The U.S. military staged the interrogations of terrorism suspects for members of Congress and other officials visiting the military prison in Guantanamo Bay, Cuba, to make it appear the government was obtaining valuable intelligence, a former Army translator who worked there claims in a new book scheduled for release Monday.
Former Army Sgt. Erik Saar said the military chose detainees for the mock interrogations who previously had been cooperative and instructed them to repeat what they had told interrogators in earlier sessions, according to an interview with the CBS television program “60 Minutes,” which is slated to air Sunday night.
“They would find a detainee that they knew to have been cooperative,” Saar told CBS. “They would ask the interrogator to go back over the same information,” he said, calling it “a fictitious world” created for the visitors.
Saar worked as a translator at Guantanamo from December 2002 to June 2003. During that time, several members of Congress reported visiting the base, but military officials said they do not know precisely how many toured it.
Saar also told CBS, and claims in his upcoming book, “Inside the Wire,” that a few dozen of the more than 750 men who have been held at the U.S. Navy base at Guantanamo Bay were terrorists, and that little valuable information has been obtained from them.
A spokesman for the U.S. military’s Southern Command, which oversees Guantanamo Bay operations, dismissed the allegation of mock interrogations.
“I can say that we do not stage interrogations for VIP visits at Guantanamo,” said Col. David McWilliams. “I don’t want to characterize or comment on what Sergeant Saar believes. He’s written his book.”
A Defense Department official familiar with interrogations said Saar would not be privy to interview strategies. He noted that interrogators often ask the same questions in separate sessions to check a detainee’s account.
Del. Eleanor Holmes Norton (D-D.C.) said she was “initially impressed” by interrogations she saw on a tour of Guantanamo Bay in February 2004 with members of the Homeland Security Committee. The delegation watched through mirrored glass as interrogators spoke in conversational tones and rewarded cooperative detainees with ice cream. Now, she believes, “we were duped.”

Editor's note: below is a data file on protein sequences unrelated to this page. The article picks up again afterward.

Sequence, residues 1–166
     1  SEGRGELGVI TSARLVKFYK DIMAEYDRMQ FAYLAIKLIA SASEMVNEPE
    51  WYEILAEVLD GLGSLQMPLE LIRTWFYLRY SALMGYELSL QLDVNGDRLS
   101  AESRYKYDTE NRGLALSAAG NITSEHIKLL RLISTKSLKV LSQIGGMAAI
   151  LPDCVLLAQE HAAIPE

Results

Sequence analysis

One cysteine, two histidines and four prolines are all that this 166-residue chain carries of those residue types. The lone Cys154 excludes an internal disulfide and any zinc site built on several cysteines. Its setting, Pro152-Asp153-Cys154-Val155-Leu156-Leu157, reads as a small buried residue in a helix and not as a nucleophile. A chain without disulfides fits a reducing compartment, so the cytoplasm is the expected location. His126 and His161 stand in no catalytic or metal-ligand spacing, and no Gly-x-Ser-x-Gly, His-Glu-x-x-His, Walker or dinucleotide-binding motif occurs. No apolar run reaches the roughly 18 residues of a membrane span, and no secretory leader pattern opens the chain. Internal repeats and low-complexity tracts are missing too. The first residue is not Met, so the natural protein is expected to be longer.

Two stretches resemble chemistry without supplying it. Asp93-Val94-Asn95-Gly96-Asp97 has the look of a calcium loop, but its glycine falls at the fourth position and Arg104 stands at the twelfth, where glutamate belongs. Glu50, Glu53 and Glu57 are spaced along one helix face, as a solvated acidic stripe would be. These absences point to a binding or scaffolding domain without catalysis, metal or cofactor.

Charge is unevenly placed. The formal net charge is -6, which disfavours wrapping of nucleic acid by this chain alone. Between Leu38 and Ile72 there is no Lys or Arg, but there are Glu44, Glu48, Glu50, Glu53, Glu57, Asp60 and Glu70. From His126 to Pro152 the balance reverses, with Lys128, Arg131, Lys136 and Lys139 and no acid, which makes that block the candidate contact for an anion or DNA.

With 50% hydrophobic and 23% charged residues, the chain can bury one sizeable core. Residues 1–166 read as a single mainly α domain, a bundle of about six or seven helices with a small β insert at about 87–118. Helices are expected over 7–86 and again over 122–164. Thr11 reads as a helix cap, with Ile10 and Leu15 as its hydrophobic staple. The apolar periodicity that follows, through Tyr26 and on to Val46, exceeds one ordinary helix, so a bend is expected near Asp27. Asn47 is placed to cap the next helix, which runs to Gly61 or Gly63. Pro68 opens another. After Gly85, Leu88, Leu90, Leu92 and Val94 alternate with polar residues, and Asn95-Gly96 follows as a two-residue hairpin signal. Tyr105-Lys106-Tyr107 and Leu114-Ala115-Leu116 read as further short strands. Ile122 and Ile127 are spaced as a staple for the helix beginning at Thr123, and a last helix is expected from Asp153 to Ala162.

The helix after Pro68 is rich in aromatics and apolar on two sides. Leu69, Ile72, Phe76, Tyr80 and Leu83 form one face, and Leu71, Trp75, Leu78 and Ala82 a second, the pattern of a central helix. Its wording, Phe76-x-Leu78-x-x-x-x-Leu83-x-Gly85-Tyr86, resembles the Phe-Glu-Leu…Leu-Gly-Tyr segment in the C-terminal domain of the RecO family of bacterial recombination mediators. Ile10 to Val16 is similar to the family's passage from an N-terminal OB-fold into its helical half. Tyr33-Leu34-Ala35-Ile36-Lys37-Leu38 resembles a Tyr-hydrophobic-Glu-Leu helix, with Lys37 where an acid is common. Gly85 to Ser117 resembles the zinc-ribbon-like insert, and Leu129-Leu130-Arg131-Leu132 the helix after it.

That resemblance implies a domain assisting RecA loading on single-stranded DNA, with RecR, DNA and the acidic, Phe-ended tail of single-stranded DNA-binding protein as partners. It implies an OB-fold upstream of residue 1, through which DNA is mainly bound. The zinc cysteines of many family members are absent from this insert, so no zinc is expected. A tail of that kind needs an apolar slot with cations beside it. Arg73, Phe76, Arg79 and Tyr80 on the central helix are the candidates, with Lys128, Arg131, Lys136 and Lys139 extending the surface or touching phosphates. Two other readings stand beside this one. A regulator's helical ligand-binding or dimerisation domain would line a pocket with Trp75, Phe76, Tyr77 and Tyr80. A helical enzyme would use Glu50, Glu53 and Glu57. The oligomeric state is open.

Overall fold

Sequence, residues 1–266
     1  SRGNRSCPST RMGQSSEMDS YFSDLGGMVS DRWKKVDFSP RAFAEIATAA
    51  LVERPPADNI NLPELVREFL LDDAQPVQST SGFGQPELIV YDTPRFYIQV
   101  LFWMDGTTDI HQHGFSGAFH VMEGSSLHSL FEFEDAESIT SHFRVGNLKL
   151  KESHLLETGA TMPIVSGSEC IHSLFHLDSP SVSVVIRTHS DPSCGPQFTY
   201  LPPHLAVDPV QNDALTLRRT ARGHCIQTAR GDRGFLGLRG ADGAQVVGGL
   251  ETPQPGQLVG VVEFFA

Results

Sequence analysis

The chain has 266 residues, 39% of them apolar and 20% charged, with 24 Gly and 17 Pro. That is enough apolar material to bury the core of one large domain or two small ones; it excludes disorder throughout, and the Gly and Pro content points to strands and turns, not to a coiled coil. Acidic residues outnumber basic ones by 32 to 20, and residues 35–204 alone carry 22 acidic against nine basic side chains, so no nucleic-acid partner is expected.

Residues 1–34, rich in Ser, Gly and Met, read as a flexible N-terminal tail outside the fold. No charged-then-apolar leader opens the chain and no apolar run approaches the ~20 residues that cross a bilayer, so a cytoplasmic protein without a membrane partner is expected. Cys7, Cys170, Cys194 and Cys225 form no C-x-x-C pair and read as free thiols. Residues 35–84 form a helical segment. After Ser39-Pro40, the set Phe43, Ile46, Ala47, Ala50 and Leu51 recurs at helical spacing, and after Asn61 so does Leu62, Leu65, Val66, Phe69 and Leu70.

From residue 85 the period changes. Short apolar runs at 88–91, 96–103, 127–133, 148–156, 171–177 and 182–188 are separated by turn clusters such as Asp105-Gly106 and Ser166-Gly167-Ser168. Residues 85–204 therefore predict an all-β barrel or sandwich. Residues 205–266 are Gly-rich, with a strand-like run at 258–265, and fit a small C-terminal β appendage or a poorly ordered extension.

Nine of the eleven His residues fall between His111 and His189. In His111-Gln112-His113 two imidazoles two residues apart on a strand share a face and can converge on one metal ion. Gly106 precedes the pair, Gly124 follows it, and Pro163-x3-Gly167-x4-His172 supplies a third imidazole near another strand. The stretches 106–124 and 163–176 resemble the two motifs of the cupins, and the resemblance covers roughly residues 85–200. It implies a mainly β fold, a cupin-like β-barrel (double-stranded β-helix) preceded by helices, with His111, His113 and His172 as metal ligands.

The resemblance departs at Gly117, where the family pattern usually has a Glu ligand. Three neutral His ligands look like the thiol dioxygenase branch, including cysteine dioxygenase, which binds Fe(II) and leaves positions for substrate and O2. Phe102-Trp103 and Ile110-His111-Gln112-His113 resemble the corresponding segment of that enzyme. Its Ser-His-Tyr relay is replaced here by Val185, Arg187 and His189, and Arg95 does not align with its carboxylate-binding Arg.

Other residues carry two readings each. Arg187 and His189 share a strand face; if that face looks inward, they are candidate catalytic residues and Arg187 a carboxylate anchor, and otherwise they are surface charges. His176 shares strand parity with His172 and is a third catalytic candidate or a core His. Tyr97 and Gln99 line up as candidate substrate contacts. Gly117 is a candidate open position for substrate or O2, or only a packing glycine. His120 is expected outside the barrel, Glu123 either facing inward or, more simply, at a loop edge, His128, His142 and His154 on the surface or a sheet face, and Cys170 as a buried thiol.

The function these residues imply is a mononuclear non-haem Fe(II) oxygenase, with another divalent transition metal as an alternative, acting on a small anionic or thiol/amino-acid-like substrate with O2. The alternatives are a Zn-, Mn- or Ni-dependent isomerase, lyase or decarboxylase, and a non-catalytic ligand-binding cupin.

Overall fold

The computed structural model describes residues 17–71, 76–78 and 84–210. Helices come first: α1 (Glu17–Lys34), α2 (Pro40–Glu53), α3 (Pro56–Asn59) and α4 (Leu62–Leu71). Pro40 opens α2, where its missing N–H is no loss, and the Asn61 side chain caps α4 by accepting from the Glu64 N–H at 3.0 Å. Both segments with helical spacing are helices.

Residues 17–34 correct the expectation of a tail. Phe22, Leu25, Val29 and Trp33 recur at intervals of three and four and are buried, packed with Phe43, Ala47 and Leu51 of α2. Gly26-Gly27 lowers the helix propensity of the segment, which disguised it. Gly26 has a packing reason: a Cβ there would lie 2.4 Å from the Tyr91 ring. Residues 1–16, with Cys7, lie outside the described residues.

“The amount and depth of the torture that’s been alleged and corroborated leaves no doubt in my mind that what we saw was a staged interrogation,” Norton said.
Michael Ratner, president of the Center for Constitutional Rights, which has led the legal challenge of detainees’ imprisonment and alleged abusive interrogation techniques, said Saar’s claims support lawyers’ suspicions that the official tours of Guantanamo were phony.
“They couldn’t show people what they were really doing, because what they were really doing was illegal and inhumane,” Ratner said. “It’s such a fraud. It reminds me of the special concentration camps set up in World War II. They would take the Red Cross there to see there was an orchestra and all sorts of nice things.”
Saar also alleges in his book that he witnessed female interrogators use sexual humiliation and taunting in an effort to get detainees to talk. The general tactics he described were corroborated by Army officials, who have acknowledged disciplining two female interrogators for such acts. Numerous detainees have alleged they were victims of similar sexually suggestive interrogations.
Researcher Julie Tate contributed to this report.